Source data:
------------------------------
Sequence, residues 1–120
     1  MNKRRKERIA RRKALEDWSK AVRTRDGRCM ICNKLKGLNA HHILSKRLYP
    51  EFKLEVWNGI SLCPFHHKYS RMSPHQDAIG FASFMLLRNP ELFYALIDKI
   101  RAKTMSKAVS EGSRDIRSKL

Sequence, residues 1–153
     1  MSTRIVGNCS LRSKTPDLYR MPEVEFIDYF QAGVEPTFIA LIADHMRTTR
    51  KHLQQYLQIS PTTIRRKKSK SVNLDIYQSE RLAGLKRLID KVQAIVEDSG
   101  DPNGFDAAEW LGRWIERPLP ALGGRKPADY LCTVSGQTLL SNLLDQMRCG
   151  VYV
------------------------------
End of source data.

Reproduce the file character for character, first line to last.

Sequence, residues 1–120
     1  MNKRRKERIA RRKALEDWSK AVRTRDGRCM ICNKLKGLNA HHILSKRLYP
    51  EFKLEVWNGI SLCPFHHKYS RMSPHQDAIG FASFMLLRNP ELFYALIDKI
   101  RAKTMSKAVS EGSRDIRSKL

Sequence, residues 1–153
     1  MSTRIVGNCS LRSKTPDLYR MPEVEFIDYF QAGVEPTFIA LIADHMRTTR
    51  KHLQQYLQIS PTTIRRKKSK SVNLDIYQSE RLAGLKRLID KVQAIVEDSG
   101  DPNGFDAAEW LGRWIERPLP ALGGRKPADY LCTVSGQTLL SNLLDQMRCG
   151  VYV